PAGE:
Vermilion
Jun. 15, 2012, 05:56 PM
Filla, no one is excluding the TB and the appendix registry is proof of that. Once a registry has been established, why not maintain it?

Are you saying that the foundation lines of breeds like quarterhorses, Appaloosas, and even the likes of morgans are not worth independently maintaining?? Many people would argue that some of today's lines in all those breeds are worlds away from their founding horses.

Even in the thoroughbred world, there's a lot of debate going on that the thoroughbred of yesterday is not the thoroughbred of today on a number of levels.

The people who "go" for "foundation" lines (or for me personally) don't want to see what they love get diluted out. For me, it's the versatility and temperament that count most.

Oh, and the king ranch may have used a lot of TB blood, but I have full confidence that they knew what they were doing. That was still back in a time when horses were used for everyday work. :)

No flames, but I'm just a little confused as to how you think AQHA made a mistake accepting these almost pure TB horses and how you think at the same time that the foundation quarter horse thing is crap. Maybe you can elaborate more?? Maybe you would just prefer a different term other than foundation? Once the breed is established, I don't really see the need for more thoroughbred input. Does that make sense? It isn't really supposed to work like a warmblood registry, with the exception of the qualified appendix horses...if that makes sense. No on uses a thoroughbred to lighten up a friesian, for instance. And if I'm not mistaken, I believe these foundation registries were partly created to get away from AQHA which allowed the mostly TB quarter horses to be registered (Some one correct me if I am wrong!)

As for the white, I was once told that cowboys didn't want horses with a lot of white because they have a tendency to sunburn...that could be a wives tale though.

I know I tend to ramble. Hopefully, you understand what I'm actually trying to say. ;)

Western
Jun. 15, 2012, 08:13 PM
What does this have to do with owning a Foundation Quarter Horse? [edit]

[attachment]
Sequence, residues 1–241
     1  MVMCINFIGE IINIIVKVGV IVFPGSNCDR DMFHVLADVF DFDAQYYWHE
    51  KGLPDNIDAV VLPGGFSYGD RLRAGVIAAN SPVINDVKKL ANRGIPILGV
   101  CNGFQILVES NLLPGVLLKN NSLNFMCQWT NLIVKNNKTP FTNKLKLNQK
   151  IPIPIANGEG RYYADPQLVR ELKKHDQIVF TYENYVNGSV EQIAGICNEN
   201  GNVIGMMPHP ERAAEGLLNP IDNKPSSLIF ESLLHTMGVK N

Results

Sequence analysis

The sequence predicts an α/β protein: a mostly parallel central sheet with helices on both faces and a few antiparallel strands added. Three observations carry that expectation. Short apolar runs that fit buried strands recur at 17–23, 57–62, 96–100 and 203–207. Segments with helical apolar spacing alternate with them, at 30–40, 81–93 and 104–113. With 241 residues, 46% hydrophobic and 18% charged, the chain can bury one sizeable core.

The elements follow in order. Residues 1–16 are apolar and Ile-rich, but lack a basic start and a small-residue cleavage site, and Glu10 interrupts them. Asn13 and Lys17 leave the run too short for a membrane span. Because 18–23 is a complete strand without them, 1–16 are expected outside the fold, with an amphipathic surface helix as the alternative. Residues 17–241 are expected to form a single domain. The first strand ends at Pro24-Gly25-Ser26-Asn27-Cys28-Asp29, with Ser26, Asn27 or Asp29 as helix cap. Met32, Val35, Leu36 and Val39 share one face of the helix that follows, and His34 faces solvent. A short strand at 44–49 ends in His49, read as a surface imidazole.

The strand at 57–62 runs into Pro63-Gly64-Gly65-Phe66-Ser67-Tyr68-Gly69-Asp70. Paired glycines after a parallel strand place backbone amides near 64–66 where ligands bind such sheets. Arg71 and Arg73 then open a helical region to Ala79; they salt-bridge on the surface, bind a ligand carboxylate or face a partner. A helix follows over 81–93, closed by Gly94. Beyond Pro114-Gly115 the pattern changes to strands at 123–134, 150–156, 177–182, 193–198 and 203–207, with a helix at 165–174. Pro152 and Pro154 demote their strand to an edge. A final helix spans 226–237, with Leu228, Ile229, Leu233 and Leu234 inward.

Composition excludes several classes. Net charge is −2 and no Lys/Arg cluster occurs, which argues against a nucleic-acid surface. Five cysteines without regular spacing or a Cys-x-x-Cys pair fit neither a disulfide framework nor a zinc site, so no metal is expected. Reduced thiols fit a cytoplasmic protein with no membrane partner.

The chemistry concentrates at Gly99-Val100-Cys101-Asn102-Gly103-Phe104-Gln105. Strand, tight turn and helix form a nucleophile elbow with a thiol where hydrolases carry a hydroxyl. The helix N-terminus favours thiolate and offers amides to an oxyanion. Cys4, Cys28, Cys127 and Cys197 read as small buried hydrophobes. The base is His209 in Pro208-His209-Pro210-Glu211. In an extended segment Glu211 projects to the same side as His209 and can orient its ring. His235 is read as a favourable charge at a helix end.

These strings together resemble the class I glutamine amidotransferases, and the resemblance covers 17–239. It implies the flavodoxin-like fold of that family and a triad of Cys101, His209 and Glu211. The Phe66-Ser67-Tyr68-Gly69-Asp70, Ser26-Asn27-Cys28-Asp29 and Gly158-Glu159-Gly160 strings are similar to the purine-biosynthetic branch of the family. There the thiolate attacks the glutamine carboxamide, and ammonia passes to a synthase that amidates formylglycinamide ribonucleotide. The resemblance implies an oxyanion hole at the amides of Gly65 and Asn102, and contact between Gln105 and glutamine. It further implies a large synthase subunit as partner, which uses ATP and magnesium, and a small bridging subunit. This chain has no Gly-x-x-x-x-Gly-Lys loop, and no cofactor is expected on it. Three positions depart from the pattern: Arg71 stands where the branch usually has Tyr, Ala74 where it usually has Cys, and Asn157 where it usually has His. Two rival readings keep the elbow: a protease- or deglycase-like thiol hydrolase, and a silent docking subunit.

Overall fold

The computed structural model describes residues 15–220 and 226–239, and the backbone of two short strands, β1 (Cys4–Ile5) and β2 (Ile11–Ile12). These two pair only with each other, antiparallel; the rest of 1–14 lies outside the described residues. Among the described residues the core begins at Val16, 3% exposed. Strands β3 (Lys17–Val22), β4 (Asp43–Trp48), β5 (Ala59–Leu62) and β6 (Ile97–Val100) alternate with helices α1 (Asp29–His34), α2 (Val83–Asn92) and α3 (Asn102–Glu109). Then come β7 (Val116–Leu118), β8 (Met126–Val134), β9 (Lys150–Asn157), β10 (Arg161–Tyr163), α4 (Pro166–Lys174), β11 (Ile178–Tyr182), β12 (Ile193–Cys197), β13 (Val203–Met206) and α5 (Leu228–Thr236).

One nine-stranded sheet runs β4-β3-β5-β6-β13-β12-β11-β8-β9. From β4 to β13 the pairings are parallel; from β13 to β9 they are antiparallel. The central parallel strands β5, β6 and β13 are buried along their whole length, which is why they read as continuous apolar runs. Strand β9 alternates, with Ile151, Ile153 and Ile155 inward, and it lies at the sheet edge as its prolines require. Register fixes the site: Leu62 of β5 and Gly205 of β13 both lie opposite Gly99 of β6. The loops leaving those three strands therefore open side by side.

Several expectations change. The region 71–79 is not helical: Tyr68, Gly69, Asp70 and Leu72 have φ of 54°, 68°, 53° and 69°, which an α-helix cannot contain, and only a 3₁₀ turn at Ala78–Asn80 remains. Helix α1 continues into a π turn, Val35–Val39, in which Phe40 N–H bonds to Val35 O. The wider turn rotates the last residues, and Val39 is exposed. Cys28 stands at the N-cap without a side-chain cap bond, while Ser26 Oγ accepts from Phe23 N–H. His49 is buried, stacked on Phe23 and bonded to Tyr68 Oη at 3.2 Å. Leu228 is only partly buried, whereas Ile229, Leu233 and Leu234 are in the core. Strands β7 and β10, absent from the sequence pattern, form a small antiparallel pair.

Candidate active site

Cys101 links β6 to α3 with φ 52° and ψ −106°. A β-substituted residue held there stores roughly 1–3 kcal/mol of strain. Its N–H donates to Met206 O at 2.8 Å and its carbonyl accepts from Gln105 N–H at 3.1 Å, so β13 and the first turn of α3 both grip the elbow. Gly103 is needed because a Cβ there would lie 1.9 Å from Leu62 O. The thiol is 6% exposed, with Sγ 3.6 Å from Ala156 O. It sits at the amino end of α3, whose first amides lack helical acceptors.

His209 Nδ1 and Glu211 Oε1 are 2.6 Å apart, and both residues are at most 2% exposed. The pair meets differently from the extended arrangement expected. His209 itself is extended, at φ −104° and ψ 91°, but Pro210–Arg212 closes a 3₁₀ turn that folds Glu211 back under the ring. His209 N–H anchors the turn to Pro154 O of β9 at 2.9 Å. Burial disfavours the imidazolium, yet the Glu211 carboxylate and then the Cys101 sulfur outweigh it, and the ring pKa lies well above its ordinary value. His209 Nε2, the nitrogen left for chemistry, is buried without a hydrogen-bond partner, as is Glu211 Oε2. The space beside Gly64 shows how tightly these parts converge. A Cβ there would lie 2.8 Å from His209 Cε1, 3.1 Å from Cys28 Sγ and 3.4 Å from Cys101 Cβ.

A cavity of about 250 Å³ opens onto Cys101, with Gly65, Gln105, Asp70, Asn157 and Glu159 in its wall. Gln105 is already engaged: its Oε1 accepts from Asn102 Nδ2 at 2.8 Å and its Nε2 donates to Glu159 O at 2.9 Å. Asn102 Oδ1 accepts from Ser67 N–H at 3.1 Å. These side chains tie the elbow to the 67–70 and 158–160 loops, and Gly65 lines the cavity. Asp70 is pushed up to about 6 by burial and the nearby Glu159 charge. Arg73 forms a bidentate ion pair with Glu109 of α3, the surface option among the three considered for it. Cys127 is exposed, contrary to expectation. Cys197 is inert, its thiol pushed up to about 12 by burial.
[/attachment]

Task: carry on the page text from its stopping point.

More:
Fillabeana, me, Beverley, & whoever else posted info that is relevant to your QH topic. You don't want to learn anything relevant to your "Foundation QHs"? Most people here like to learn & exchange information.

I'm off-topic here only in your own mind.:no:













How many on here have the privledge of owning a Foundation QH?


http://nfqha.com/

http://fqha.com/

http://www.fqhr.net/[/QUOTE]

7HL
Jun. 15, 2012, 08:26 PM
Fillabeana, me, Beverley, & whoever else posted info that is relevant to your QH topic. You don't want to learn anything relevant to your "Foundation QHs"? Most people here like to learn & exchange information.

Wrong! You don't exchange ideas. Now that is a joke.

I'm off-topic here only in your own mind.:no:

You haven't a clue what the topic is or was.




This was not on topic either, just trying to stir things up.


Let me find my flame suit, here...
OK.
I think the whole "Foundation Quarter Horse" thing is a bunch of crap.





How many on here have the privledge of owning a Foundation QH?


http://nfqha.com/

http://fqha.com/

http://www.fqhr.net/

Western
Jun. 15, 2012, 08:57 PM
7HL, your assumption that the QH IS a unique breed, has led us to provide data to the contrary. Did you know the facts of the TB blood in the foundation, as well as other facts in the horsemanpro article? If you did, it seems that you wouldn't have started this thread without mentioning them.

Why don't you learn something, for once?

Your blatant SNARK toward me is appalling, as usual.

7HL
Jun. 15, 2012, 09:07 PM
7HL, your assumption that the QH IS a unique breed, has led us to provide data to the contrary. Did you know the facts of the TB blood in the foundation, as well as other facts in the horsemanpro article? If you did, it seems that you wouldn't have started this thread without mentioning them.